Lawyer: Imported ukay-ukay is illegal; 5-year jail penalty

Under Republic Act No. (RA) 4653,[1] in its Section 1, it is "unlawful for any person, association or corporation to introduce into any point in the Philippines textile articles commonly known as used clothing and rags [xxx]." In the vernacular, these used clothing and rags are called "ukay-ukay." Because of this, the Bureau of Customs in Subic destroyed ukay-ukay imported into the Philippines, all worth Php1,500,000.[2]Under said law, any person found guilty of violation of this law may be adjudged with a penalty of fine of not less than Php200 nor more than Php20,000 and imprisonment of not less than two (2) years nor more than five (5) years. Section 2 of the law mandates that such used clothing or rags must be burned by the Government. 

This law was enacted in 1966 to "safeguard the health of the people and maintain the dignity of the nature. However, despite such justification, the law is criticized as anti-consumer and anti-business because it allegedly hinders the start-up and maintenance of ukay-ukay stores, the creation of jobs and potential retail sector investment.[3] There are even attempts to argue against the constitutionality of RA 4653 and proposals to repeal it.[4][5]

There are also arguments saying that the spirit of the law contemplated by its drafters in 1966 no longer applies today because it was "years before the rise of ukay-ukay in the Philippines."[6] Other arguments for the legalization of ukay-ukay importations are taxes, jobs and business, as explained in the March 04, 2014 explanatory note to House Bill No. 4055 introduced by Representative Rufus B. Rodriguez and Representative Maximo B. Rodriguez, Jr.[7]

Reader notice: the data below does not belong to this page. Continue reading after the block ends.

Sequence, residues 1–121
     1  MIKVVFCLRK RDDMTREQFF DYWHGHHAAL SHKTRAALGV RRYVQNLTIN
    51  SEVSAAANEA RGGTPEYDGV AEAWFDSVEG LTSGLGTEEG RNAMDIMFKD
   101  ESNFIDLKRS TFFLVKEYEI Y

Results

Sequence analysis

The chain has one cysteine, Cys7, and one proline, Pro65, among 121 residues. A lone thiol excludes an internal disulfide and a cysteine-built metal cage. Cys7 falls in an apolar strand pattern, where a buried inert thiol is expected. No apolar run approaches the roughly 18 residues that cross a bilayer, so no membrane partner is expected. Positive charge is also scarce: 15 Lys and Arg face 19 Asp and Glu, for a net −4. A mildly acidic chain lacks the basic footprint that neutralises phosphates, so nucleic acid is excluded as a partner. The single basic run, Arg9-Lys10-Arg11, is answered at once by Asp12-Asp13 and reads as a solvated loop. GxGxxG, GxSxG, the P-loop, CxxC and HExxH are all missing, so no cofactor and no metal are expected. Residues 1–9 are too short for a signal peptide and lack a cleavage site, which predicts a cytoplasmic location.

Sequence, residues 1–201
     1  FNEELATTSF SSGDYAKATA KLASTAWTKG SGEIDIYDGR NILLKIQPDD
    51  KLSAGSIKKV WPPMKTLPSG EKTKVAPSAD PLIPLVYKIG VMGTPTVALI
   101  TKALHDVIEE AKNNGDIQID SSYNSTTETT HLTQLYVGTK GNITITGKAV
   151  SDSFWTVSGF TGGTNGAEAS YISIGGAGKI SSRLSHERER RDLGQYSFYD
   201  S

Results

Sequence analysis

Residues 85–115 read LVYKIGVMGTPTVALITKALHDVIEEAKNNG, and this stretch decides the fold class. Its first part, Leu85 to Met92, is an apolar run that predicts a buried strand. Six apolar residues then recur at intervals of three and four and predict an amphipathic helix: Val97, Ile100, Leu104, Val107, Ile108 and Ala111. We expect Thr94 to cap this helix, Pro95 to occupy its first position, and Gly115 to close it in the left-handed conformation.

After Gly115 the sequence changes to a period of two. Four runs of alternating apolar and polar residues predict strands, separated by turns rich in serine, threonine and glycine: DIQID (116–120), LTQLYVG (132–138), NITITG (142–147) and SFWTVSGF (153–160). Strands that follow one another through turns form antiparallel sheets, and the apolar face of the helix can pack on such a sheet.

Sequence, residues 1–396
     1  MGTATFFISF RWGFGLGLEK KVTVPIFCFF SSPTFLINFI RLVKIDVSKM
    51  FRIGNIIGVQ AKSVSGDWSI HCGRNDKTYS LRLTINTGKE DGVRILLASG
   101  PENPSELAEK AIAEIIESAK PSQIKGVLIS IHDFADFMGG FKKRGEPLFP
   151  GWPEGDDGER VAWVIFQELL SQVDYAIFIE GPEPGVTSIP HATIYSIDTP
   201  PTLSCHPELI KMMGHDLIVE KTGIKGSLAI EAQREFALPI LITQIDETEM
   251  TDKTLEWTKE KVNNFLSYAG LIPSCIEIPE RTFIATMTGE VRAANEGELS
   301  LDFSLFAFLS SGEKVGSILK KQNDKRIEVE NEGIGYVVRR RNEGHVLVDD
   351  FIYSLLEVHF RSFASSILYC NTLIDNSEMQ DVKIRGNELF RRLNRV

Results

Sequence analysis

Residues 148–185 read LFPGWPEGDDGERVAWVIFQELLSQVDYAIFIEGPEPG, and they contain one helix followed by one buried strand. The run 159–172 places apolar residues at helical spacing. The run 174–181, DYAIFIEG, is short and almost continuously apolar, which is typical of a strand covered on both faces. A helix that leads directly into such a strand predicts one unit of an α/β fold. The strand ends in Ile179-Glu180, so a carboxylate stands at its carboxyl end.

[1] AN ACT TO SAFEGUARD THE HEALTH OF THE PEOPLE AND MAINTAIN THE DIGNITY OF THE NATION BY DECLARING IT A NATIONAL POLICY TO PROHIBIT THE COMMERCIAL IMPORTATION OF TEXTILE ARTICLES COMMONLY KNOWN AS USED CLOTHING AND RAGS.

[2] See photo above and Page 5 of Port Digest, Vol. 10, Issue No. 71, September 2018. Also see: https://customs.gov.ph/wp-content/uploads/2018/10/PDigestSEPT2018.pdf.

[3] Biana, H. T. (2020). The Philippine Ukay-Ukay Culture as Sustainable Fashion. DLSU Business & Economics Review, 30(1), 154-164. https://www.dlsu.edu.ph/wp-content/uploads/2020/08/12Biana.pdf, citing Guilas (2017).

[4] Bragado, J. I. (2015). Halukay: constitutionality of Republic Act 4653 or the ban on foreign imported ukay-ukay.

[5] Caramto, C. (2014). The Possible Cost of Prohibition of the Ukay-Ukay Trade in the City of Baguio.

[6] Gavilan, J. (2017). Illegal? What you need to know about ukay-ukay. Retrieved November 27, 2019. https://www.rappler.com/newsbreak/iq/fast-facts-ukay-ukay-law-illegal.

[7] https://www.congress.gov.ph/legisdocs/basic_16/HB04055.pdf.

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